- Tram Ho
This morning, a developer named Tillie Kottmann revealed 20GB of extremely valuable data, including the source code and confidential documents of the chip giant Intel. This person said I received data from an anonymous hacker and it was leaked from a vulnerability in the Intel system.
According to Kottman, the majority of the documents are IP protected properties of Intel and have never been disclosed anywhere. Kottman named this data block “Exconfidential Lake” with the name Lake indicating it contained documents related to Intel’s 10nm chip family.
Several leaked images show that the leaked data block contains confidential information that is essential for Intel customers such as motherboard design, BIOS and other components to interact with the CPU and others. other chips are manufactured by Intel.
Much of these documentation and source code pertain to Intel’s chip platforms, including the Kaby Lake and Tiger Lake family, as well as other products, including the Intel sensor cluster developed for SpaceX.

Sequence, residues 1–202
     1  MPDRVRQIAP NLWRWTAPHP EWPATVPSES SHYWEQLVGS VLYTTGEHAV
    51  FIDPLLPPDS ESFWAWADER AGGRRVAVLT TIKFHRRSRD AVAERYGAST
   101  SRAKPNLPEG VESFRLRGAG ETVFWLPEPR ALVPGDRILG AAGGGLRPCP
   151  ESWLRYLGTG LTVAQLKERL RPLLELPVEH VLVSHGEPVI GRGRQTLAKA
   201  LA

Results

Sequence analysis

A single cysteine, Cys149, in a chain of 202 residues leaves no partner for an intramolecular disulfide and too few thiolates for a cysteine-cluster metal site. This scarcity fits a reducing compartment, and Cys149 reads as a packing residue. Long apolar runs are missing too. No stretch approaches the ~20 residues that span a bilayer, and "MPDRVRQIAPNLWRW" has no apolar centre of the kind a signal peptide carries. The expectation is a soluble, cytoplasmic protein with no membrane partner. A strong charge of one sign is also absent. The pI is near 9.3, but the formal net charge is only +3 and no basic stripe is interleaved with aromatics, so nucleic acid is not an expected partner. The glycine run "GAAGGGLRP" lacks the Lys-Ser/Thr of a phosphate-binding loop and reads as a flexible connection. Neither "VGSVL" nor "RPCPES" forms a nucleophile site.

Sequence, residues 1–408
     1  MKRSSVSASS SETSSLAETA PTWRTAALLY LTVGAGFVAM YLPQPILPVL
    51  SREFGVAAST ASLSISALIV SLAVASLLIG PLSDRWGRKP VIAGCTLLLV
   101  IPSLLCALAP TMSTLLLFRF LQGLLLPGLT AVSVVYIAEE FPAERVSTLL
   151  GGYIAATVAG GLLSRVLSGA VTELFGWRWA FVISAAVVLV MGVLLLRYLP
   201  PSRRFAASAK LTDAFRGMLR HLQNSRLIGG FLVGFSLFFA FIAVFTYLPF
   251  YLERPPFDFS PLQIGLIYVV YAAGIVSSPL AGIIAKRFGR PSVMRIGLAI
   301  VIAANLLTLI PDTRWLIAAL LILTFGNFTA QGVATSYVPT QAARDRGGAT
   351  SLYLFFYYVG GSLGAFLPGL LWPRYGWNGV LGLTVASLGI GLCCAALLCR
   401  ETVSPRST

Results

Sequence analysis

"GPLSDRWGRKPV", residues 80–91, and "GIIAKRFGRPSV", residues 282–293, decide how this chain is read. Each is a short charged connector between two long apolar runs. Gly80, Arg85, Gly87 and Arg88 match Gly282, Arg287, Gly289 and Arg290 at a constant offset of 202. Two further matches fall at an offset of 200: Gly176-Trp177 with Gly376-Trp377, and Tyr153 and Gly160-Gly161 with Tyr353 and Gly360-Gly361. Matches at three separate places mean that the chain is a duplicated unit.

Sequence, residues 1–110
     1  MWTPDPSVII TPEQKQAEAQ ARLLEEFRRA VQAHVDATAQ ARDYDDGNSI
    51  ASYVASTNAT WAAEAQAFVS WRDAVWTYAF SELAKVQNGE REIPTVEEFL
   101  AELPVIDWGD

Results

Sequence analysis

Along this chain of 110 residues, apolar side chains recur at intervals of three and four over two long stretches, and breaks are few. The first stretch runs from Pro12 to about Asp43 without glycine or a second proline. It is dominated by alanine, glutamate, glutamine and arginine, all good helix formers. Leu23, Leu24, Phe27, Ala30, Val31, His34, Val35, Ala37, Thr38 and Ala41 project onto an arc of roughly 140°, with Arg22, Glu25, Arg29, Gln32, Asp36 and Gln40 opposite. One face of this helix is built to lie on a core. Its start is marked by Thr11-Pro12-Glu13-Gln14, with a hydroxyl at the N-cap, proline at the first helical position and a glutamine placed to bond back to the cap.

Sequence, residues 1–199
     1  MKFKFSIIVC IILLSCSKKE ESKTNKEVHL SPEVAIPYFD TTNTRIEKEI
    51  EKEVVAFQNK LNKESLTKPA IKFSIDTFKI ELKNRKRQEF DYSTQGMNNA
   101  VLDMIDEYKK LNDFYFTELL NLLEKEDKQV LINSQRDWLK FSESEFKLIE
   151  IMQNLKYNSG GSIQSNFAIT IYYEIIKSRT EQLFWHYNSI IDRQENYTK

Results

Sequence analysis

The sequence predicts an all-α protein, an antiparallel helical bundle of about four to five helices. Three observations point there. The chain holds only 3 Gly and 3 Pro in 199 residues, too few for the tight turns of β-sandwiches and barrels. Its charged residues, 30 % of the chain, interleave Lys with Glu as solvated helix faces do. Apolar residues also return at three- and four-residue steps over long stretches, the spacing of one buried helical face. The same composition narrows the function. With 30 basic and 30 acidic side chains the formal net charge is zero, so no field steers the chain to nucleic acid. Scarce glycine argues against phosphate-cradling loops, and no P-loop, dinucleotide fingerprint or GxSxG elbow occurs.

Screenshot of some leaked Intel documents
One of the other highlights of this data block is that it contains a document called “Whitley / Cedar Island Platform Message of the Weeks”, dating back to May 5. Cedar Island is the motherboard architecture located underneath the Cooper Lake and Ice Lake Xeon CPUs. Meanwhile, Whitley is a dual-socket architecture for both Cooper Lake (14nm) and Ice Lake (10nm) XEON CPUs.
Some other documents in this data block also mention voltage errors in some Ice Lake chip models. It is not clear whether these errors occur on the entire line of chips shipped to customers or only on reference motherboards sent to customers by Intel.
How did this happen?
While Intel said it does not believe these documents could be stolen due to a vulnerability in the network, screenshots between Kottman and the hacker providing the other block of data show the opposite answer. .
The screenshot shows the chat between Kottman and the hacker providing the above block of data
These documents are stored on an insecure server on Akamai’s Content Delivery Network (CDN), the hacker said. The hacker also claimed to have identified the server by using a network scanning tool to find the vulnerability and from there, with a piece of Python code, the hacker can guess the password of this block of data.
Significantly, in a chat with Kottman, the hacker said he could impersonate an Intel employee to access the data in this server, or even create his own user. Furthermore, some data files are protected with extremely weak passwords.
The hacker also said that the 20GB data block mentioned above is just the first part, and a lot more data will be revealed in the near future.
Refer to ArsTechnica
Source : Genk